Paul seems to be talking about promises God made to the people of Israel, choosing them over other races to become the first nation devoted to him.
Genesis 18:10, 14.
Exodus 9:16. This is the story of God using Moses to free the Jews (called Hebrews) from slavery in Egypt. The king, called by his title of pharaoh, refused to let them go. God sent 10 plagues, which eventually convinced him to change his mind. The Bible writer explained that God purposely made the pharaoh thick-headed stubborn so he could show his chosen people and others watching that he was the God above all gods.
More literally, “a mere mortal.”
Isaiah 10:22-23. Isaiah was talking about the Assyrian invasion of the northern Jewish nation of Israel. Assyrians came from what is now northern Iraq. They overran the cities, killed many of the people, and deported most of the survivors. These Assyrians, in 722 BC, essentially wiped the northern Jewish nation off the political map. The 10 tribes that had once lived there became known as the lost tribes of Israel. The southern Jewish nation known as Judah survived another century and a half. Babylonians from what is now southern Iraq temporarily erased Judah from the political map in 586 BC, deporting most of the Jews who survived the war. Persians from what is now Iran defeated the Babylonians about 50 years later and allowed deported Jews from Judah to return home. Many chose to stay in Babylon and Persia, where they had spent a generation.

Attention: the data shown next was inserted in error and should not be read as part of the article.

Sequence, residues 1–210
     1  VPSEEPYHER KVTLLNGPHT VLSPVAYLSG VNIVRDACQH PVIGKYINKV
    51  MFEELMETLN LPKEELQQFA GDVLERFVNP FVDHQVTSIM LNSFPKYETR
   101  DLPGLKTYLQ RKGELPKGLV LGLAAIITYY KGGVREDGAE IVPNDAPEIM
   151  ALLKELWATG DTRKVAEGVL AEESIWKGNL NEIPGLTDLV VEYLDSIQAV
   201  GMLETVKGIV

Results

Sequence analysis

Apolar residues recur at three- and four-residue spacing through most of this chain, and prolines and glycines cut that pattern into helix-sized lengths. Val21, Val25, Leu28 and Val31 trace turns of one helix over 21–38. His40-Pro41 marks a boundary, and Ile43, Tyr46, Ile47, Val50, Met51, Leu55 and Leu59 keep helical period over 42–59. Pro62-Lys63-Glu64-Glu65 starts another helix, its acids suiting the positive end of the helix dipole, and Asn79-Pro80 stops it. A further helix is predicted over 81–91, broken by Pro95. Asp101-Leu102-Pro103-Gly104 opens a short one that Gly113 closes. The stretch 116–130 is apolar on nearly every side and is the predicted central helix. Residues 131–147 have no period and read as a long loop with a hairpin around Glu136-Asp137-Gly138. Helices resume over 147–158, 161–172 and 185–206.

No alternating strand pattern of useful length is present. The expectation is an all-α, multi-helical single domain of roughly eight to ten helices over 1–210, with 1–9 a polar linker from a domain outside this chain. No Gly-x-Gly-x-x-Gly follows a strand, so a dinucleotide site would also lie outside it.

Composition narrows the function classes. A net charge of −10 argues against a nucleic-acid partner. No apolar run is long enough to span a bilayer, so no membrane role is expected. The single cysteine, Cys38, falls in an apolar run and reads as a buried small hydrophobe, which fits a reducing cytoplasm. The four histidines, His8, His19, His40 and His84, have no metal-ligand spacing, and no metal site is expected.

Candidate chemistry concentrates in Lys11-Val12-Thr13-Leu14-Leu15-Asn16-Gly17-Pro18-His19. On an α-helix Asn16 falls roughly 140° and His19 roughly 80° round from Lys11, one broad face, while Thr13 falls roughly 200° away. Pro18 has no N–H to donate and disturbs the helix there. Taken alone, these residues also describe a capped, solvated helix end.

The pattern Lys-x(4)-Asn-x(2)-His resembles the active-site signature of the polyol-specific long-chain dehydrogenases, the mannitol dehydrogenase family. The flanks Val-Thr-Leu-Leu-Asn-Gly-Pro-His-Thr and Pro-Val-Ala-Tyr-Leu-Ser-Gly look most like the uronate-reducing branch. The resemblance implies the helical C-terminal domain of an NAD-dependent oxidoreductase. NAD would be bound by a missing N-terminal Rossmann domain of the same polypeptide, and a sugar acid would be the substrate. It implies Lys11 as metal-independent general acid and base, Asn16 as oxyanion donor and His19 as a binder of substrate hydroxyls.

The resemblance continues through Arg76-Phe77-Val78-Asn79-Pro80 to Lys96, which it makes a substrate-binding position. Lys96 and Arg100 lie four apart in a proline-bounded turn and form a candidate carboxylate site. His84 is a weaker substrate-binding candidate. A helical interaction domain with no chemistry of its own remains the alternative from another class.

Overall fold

More literally “Lord of Sabaōth,” which is a military title for God. It sometimes translated as “Lord of Heaven’s Armies,” or “Lord All-Powerful.”